What happens if I’m involved in a hit-and-run?

If the other driver isn’t properly insured or if they leave before you get their details, don’t worry, all’s not lost. Where, for whatever reason, there isn’t a valid policy of insurance for you to claim against, an application can be made to the Motor Insurers’ Bureau of Ireland (MIBI) provided the accident happened in a public place and that a few other conditions are met. The MIBI will then effectively take over the role as the insurer of the uninsured or unidentifiable driver. Who pays for all this? You and me through our insurance premiums.

Should I admit liability?

Never! While this might initially seem like cynical advice, it’s anything but.

For one thing, it will almost certainly be a condition of your policy of insurance that you must not make any admission of liability and that to do so would invalidate your insurance. You’ve paid dearly for that insurance, so if you do end up needing to rely on it, don’t do anything that might jeopardise your coverage.

Apart altogether from this fact, the scene of an accident is neither the time nor the place to get into the finer points of who’s responsible for what. Some people are psychologically hard-wired to think that if they’ve been involved in an accident they must have been somehow to blame, even where this is in no way objectively justified. Remember also that people will often be suffering from shock or be overcome with emotion in the immediate aftermath of an accident – not exactly ideal circumstances in which to be conducting a technical assessment of liability in negligence.

By the same token, don’t try to get anyone else to admit they were wrong even if it appears to you that this is as plain as the nose on your face. Getting into a barney on the side of the road isn’t going to advance anyone’s case. If someone volunteers that they were in the wrong be sure to make a note of the fact that they did, but leave it at that.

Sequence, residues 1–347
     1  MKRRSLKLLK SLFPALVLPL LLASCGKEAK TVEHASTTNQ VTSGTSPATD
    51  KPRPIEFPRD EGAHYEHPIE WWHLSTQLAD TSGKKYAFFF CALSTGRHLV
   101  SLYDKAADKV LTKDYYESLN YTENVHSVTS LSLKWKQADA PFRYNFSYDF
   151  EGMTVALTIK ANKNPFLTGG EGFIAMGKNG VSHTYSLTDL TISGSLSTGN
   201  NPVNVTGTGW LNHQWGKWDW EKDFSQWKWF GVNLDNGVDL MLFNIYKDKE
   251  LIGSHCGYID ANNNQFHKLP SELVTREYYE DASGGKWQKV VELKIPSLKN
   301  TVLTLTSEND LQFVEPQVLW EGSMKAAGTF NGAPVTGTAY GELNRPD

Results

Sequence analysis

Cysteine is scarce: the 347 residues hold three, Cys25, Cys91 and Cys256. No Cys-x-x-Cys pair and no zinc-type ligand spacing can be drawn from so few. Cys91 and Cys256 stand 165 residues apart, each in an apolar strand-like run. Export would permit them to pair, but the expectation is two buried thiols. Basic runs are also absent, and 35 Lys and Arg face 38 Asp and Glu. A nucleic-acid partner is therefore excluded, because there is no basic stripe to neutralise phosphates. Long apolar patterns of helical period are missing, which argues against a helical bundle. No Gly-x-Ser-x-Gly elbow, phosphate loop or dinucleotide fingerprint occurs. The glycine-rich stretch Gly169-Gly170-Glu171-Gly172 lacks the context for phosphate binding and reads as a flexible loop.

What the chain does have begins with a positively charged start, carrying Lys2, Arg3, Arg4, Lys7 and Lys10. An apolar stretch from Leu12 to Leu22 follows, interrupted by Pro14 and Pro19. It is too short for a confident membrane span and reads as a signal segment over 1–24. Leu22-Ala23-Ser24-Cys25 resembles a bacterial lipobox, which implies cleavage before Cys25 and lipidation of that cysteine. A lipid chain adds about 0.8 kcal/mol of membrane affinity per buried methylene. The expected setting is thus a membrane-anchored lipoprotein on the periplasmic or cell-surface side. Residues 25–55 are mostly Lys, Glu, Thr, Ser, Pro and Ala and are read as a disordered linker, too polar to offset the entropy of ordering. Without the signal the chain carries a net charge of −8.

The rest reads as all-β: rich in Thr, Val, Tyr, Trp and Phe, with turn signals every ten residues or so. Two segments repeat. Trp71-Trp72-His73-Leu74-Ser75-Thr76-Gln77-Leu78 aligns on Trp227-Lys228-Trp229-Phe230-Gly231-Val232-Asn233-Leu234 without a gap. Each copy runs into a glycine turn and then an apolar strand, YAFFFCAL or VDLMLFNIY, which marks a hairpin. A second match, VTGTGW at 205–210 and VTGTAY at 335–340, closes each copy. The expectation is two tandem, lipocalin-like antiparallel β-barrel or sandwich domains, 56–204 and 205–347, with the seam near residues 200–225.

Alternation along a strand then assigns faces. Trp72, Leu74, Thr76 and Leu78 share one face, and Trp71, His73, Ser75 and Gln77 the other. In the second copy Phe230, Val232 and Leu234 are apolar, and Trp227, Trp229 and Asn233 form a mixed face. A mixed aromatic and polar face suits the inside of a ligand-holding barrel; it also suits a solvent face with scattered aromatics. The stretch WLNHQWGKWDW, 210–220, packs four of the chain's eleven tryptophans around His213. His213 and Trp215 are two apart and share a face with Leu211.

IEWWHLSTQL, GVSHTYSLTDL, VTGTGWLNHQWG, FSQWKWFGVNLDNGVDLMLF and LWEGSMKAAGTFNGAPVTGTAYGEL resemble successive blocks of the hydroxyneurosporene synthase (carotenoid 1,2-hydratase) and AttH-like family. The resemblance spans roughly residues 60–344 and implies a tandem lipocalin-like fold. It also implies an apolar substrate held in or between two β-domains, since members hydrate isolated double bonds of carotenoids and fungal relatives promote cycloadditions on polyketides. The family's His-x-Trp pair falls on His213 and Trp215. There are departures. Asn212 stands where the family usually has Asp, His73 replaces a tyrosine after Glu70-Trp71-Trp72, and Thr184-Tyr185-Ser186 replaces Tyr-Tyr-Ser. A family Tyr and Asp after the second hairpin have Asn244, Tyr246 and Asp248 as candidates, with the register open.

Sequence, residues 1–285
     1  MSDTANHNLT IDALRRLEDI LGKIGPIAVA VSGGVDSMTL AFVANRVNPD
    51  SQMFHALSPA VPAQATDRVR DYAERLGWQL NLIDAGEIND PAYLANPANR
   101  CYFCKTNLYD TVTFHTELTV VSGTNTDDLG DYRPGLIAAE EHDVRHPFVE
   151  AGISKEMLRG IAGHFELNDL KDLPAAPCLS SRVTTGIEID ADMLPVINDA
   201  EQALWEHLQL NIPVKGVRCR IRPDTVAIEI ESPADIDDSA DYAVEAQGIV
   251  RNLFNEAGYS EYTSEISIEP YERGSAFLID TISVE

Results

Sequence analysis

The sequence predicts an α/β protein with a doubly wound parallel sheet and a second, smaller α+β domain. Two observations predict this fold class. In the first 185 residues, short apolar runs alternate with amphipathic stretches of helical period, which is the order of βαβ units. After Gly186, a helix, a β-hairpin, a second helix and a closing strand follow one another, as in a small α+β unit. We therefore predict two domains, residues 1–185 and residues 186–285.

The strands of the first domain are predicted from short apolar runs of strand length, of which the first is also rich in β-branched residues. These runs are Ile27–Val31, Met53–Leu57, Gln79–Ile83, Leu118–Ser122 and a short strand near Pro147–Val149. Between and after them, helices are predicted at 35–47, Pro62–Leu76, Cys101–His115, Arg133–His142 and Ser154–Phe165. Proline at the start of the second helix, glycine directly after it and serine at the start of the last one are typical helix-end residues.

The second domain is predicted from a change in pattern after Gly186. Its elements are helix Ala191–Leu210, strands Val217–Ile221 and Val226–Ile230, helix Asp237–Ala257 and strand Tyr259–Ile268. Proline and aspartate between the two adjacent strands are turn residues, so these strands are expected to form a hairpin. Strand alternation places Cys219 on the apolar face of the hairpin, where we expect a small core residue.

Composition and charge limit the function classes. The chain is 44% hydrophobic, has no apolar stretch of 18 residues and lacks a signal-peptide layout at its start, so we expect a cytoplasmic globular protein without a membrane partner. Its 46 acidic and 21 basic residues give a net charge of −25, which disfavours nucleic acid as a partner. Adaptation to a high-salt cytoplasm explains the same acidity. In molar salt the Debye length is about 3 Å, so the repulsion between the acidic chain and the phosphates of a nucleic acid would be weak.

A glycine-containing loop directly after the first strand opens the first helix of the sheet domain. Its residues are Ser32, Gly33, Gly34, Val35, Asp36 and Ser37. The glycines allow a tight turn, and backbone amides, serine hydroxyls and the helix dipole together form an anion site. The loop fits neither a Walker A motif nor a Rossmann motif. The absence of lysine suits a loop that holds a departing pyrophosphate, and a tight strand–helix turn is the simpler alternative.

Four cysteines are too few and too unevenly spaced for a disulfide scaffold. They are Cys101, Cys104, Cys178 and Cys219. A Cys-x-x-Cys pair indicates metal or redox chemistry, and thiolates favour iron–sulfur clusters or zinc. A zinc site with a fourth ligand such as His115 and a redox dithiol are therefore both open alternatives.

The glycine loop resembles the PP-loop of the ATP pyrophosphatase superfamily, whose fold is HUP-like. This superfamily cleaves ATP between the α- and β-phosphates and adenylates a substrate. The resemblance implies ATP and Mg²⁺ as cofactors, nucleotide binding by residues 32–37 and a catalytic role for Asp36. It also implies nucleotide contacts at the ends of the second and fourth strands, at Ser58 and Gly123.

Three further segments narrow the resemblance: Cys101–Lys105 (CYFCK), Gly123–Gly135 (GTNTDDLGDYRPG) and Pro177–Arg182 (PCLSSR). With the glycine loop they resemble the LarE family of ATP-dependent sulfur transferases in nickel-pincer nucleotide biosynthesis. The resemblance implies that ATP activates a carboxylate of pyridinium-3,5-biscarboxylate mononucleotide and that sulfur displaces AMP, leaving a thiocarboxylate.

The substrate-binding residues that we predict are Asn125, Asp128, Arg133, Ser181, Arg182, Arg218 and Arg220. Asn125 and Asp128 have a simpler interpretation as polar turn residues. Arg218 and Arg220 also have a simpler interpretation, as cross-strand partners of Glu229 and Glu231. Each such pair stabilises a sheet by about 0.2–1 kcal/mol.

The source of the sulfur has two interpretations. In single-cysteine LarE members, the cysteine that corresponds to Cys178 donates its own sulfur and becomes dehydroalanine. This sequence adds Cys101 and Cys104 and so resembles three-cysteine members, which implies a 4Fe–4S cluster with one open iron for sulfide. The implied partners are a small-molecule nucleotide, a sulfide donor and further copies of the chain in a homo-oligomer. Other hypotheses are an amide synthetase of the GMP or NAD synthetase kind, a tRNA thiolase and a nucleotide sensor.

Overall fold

If the other side admits liability, does this mean I can relax?

Let’s hope so. But don’t bank on it. One of two things could subsequently happen which could cause you bother.

The first is pretty obvious: as soon as the other driver has gotten their wits about them they may think better of their admission and decide to deny that they ever said any such thing. If this happens it will boil down to a swearing match between you and them – not a position you want to be in.

The other possibility is that the other driver has declared unambiguously that he was completely at fault so that he can lull you into a false sense of security so that you’ll let your guard down when exchanging details. If you’re not careful you may find out when it’s too late that the lovely chap whose name and address you have doesn’t actually exist. That’s why you should always follow the golden rule: always note down the vehicle registration number having verified it yourself.


Should I seek medical attention after the accident?

If you feel even the slightest bit dodgy after the accident then, yes, you should definitely pay a visit to your GP. Shock can often mask the gravity of what are in fact significant physical injuries requiring medical attention. If you don’t get the appropriate treatment early enough this could exacerbate your injuries.

When should I contact a solicitor?

Straight away. Now, before you think “they would say that, wouldn’t they!” remember that a solicitor specialising in this area will have seen this all before and will be able to assist you in dealing with such a traumatic event from the very outset. Remember too that the other parties involved in the accident are almost certainly going to consult solicitors as soon as possible, so why should you leave yourself at a disadvantage?